When the goaltending for this year’s Canadian Olympic team was discussed this past summer, invariably commentators suggest that two players were locks: Martin Brodeur of the New Jersey Devils, and Roberto Luongo of the Vancouver Canucks. Behind those two were three other goaltenders, all under the age of 25, and all coming off strong seasons: Marc-Andre Fleury, Steve Mason, Cam Ward. Two of those three have a Stanley Cup win under their belts, while Mason won the Calder last year and backstopped the Columbus Blue Jackets to their first ever playoff berth. Few others were given a chance; Chris Mason and Dwayne Roloson lacked the necessary lustre, while Carey Price had seen his reputation tarnished by a year of poor play.

Fleury, who eventually got the number three job, has had the finest season of that group of three although he’s struggled, particularly of late. Fleury’s .903 save percentage puts him outside the top-30 goaltenders in the NHL, and of the league’s 20 wins leaders, only Fleury has a save percentage below .908. It’s been a somewhat surprising but not espeically shocking downturn for Fleury; he was brilliant in 2007-08 but other than that he’s never been much more than an average starter. Last season when he won the Stanley Cup in Pittsburgh, his regular season save percentage was .912, and in the playoffs that dropped to .908 – an especially surprising shift given that scoring generally goes down in the playoffs.

Still, despite Fleury’s mediocrity, he was easily the leader of this pack. Cam Ward has been marginally better in save percentage than Manny Legace, and despite the fact that he’s playing for such a lousy team he should certainly be expected to outplay a marginal NHL goaltender who went unsigned as the NHL season began. When the Carolina Hurricanes extended Ward I thought it was a bad bet despite the fact he was coming off a strong season, and I had two key questions about the player:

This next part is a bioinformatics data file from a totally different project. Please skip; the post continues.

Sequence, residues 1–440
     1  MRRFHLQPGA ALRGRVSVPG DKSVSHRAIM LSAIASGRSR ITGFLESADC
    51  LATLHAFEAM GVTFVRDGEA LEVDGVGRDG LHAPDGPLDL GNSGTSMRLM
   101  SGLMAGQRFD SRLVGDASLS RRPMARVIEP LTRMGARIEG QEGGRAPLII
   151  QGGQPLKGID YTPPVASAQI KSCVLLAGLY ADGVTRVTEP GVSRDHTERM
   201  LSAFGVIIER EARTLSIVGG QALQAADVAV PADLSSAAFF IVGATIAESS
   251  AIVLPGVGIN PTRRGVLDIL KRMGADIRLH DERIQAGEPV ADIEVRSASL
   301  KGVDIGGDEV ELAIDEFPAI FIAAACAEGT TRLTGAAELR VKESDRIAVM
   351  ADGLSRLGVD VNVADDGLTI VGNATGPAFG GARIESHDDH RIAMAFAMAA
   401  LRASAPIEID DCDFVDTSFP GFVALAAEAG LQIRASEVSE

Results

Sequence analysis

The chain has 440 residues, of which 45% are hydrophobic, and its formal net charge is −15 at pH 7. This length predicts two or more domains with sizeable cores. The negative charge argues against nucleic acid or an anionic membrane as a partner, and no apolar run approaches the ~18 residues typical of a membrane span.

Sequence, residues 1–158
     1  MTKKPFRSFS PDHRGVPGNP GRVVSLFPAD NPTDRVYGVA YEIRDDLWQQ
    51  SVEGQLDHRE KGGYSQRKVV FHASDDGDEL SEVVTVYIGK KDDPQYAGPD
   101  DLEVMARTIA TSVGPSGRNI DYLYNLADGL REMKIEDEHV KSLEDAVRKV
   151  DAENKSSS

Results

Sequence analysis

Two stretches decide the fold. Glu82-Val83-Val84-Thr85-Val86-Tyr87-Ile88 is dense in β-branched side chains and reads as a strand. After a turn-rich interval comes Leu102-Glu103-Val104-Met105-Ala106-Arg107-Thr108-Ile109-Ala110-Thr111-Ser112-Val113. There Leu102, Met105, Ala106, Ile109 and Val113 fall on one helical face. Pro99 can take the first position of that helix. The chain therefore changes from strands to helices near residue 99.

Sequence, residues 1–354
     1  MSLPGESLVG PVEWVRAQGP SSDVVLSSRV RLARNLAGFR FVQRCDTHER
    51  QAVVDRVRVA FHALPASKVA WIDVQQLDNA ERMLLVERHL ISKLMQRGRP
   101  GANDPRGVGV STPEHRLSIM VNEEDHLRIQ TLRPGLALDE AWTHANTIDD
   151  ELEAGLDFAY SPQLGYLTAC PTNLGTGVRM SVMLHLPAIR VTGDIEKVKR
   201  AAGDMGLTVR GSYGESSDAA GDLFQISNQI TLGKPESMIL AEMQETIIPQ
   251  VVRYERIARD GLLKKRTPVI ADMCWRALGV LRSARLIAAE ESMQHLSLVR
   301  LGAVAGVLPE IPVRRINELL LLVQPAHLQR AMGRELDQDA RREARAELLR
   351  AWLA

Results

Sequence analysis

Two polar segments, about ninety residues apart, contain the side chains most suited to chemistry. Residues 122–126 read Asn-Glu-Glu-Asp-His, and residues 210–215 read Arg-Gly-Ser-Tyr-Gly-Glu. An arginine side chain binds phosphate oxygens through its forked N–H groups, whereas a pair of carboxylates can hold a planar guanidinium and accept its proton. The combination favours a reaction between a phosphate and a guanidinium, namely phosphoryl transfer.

• Was this last season a breakthrough, or an aberration?
  • Will Ward continue to develop into an elite (read: top-five) goaltender, or will he be a top-15 guy?

It turns out that I wasn’t pessimistic enough. Ward hasn’t been able to keep up his play from his career-best season last year, and has instead regressed to where he was before. Here are Ward’s regular season save percentages, year-by-year:

  • 2005-06: .882
  • 2006-07: .897
  • 2007-08: .904
  • 2008-09: .916
  • 2009-10: .900

If Ward continues at his current pace, that will mean that in three of the past four seasons he’ll have been a below-average starting goaltender (below average is gentle, actually; we’re talking Peter Budaj-level performance here). Why the Hurricanes felt compelled to spend franchise-player money on this guy continues to baffle me, as the only time he’s ever been an elite NHL goaltender was for two dozen games in the 2005-06 playoffs; he’s the Fernando Pisani of starting goaltenders.

Finally, Steve Mason has been a big part (perhaps the biggest part) of the Blue Jackets collapse this season. Of the league’s 30 most active goaltenders, Mason ranks dead last in save percentage. As of this writing, he no longer has the starter’s job – that honour goes to Mathieu Garon, the very definition of a backup goaltender, who is also having a mediocre season. Mason may bounce back, of course. But like other brilliant rookie goaltenders before him he has struggled as a sophomore, and it remains to be seen if he’ll bounce back or hop on the Andrew Raycroft train to fringe NHL’ership.

It’s been a very rough year for these guys, and the more I think about it the more I wonder if the Canadians wouldn’t have been better off to bring along a Roloson or Mason. The number three goaltending job isn’t an important one, and the probability here is that Yzerman and Co. just want a potential starter in the future along to enjoy the atmosphere and get a sampling of the Olympic experience. It’s hard to fault them for that reasoning, and in Fleury they’ve also picked the guy who has put on impressive runs (2007-08 was a very good year for him) and has two full years of being a top-15 NHL goaltender. I’d be surprised if Fleury didn’t bounce back to the form they expect of him at some point over the next few seasons.